vergleichbar mit Normalbeton (NB) um Biege- und Querkräfte aufnehmen zu können.
Sofort nach der Entwicklung und Bemessung des LB und ILB, sowie der Bestimmung der
mechanischen und physikalischen Eigenschaften, begann eine groß angelegte Serie von Experimenten.
Die erste echte Anwendung fand der Infraleichtbeton in der Errichtung eines Einfamilienhauses in
Berlin im Jahre 2006. damit gezeigt, dass sich der Werkstoff in der Praxis behaupten kann. Interessant
war dabei vor allem, die konstruktiven und bauphysikalischen Details den Eigenschaften des
Werkstoffes anzupassen und teilweise anders als sonst im Stahlbetonbau üblich auszuführen
[Schlaich M., et. al., 2008]. Zur Reduzierung der unvermeidbaren Schwindrisse wurde Bewehrung aus
Glasfaserstäben verwendet, die sowohl das Korrosionsproblem löst als auch Wärmebrücken
vermeidet. Die bisherigen Erfahrungen zeigen, dass Infraleichtbeton gut wärmegedämmte
Sichtbetonbauten ermöglicht, und dass er das Potential besitzt, beim Bauen der Zukunft eine nicht zu
vernachlässigende Rolle zu spielen.
Acht Balken wurden aus Leichbeton LC 30/33, mit Glasfaser und Stahl bewehrt, hergestellt, des
weiteren zwei aus Normalbeton C 30/37 mit Stahlbewehrung. Diese wurden alle auf Biege- und
Querkrafttragfähigkeit sowie das Duktil- und Verbundverhalten der Druck- und Zugzone
experimentell untersucht.
Aus wirtschaftlicher Sicht, können durch den Gebrauch von Leichtbetondecken im mehrgeschossigen
Bau, die Kosten gesenkt werden. Die Bewehrungsmenge, Fundamentvolumen und sogar vertikale
Tragelemente können reduziert werden.
Des Weiteren wurde die Verbindung zwischen Leichtbetonunterzug und Normalbetonstütze unter
dynamische Belastung untersucht, da diese Bauteile im Falle eines Erdbebens bei Hochhäusern
besonders gefährdet sind. Die Entwicklung eines Kreuzungsknoten mit hoher Schadenstoleranz
ermöglicht den Entwurf von Kreuzungspunkten mit moderaten Verformungen infolge Querkräften,
die nur eine geringe Schädigung verursachen, deren plastische Gelenke die Drehungen reduzieren und
die erforderlichen Reparaturen nach einem Erdbeben minimieren. Eine Möglichkeit dieses Ziel zu
erreichen ist die Verwendung von Balken aus Leichtbeton und Stützen aus Normalbeton. Die
Leichtbetonbalken sind mit Glasfaserstäben bewehrt. Bisherige Untersuchungen haben gezeigt, dass
eine Glasfaserbewehrung hinsichtlich des Verformungsverhaltens einer herkömmlichen Bewehrung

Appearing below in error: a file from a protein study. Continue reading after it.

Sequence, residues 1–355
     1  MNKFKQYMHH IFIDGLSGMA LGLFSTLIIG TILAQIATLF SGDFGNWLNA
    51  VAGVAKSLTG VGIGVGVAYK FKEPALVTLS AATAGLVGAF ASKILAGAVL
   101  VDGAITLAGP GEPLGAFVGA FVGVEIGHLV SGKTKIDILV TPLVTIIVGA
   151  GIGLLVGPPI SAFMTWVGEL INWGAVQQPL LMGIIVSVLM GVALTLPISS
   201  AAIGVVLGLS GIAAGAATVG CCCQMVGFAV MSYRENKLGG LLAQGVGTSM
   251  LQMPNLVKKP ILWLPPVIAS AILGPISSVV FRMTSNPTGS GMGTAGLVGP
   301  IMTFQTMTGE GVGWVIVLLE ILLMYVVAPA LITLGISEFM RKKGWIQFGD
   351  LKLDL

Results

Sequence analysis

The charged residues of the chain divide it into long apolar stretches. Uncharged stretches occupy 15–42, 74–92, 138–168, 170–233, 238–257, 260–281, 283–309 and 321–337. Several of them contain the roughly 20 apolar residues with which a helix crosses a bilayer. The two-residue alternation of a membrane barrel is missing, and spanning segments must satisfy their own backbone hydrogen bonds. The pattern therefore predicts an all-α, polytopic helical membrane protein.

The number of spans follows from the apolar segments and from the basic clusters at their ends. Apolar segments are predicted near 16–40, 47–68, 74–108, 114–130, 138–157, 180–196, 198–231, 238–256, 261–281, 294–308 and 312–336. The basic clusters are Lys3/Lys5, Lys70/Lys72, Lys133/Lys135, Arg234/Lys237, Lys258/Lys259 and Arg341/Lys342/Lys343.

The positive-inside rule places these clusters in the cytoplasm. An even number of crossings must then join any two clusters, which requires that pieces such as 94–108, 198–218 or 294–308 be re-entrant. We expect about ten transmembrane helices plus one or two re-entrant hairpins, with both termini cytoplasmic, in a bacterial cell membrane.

aus Betonstahl überlegen ist.
viTABLE OF CONTENTS
ACKNOWLEDGMENTS -------------------------------------------------------------------- iii
ABSTRACT ------------------------------------------------------------------------------------ v
KURZFASSUNG ------------------------------------------------------------------------------ vi
LIST OF SYMBOLS ------------------------------------------------------------------------- xi
1 INTRODUCTION ------------------------------------------------------------------------- 1
2 STATE-OF-THE-ART
2.1 Introduction ------------------------------------------------------------------------------ 5
2.1.1 Lightweight aggregate concrete ----------------------------------------- 7
2.1.2 Historical view -------------------------------- 9
2.2 Applications of Lightweight Concrete in Tall Buildings ------------------------- 10
2.3 Applications of Lightweight Concrete in Bridges ------------------------------ 13
2.4 in Precast ------- 15
2.5 in Buildings against Bombs --------- 16
2.6 in Marine Structures -------------------- 17
2.7 Recent Applications of Lightweight Concrete and Infra-Lightweight Concrete 18
3 INFRA-LIGHTWEIGHT STRUCTURAL CONCRETE
3.1 Introduction ------------------------------------------------------------------------------ 21
3.2 Manufacturing Process ----------------------------------------------- 22
3.2.1 Fresh and dry density ---------------------------------------------------- 23
3.2.2 Workability and concrete consistency ------------------------------------ 23
3.3 Material Properties -------------------------------------------------------------------- 24
3.3.1 Compressive strength --------------------------------------------------------- 25
3.3.2 Modulus of elasticity
3.3.3 Flexural and splitting tensile strength ------------------------------------ 26
3.4 Time Dependent Deformations ---------------------------------------------------- 26
3.4.1 Shrinkage ----------------------------------------------------- 26 3.4.2 Creep ------------------------------------------------------------------------- 27
3.5 Durability ------------------------------------------------------------------------------ 28
3.5.1 Porosity and permeability ---------------------------------------------------- 28
3.5.2 Freeze-thaw resistance ---------------------------------------------------- 29
3.6 Physical Properties -------------------------------------------------------------------- 30
vii 3.6.1 Thermal conductivity - heat transfer ------------------------------------ 30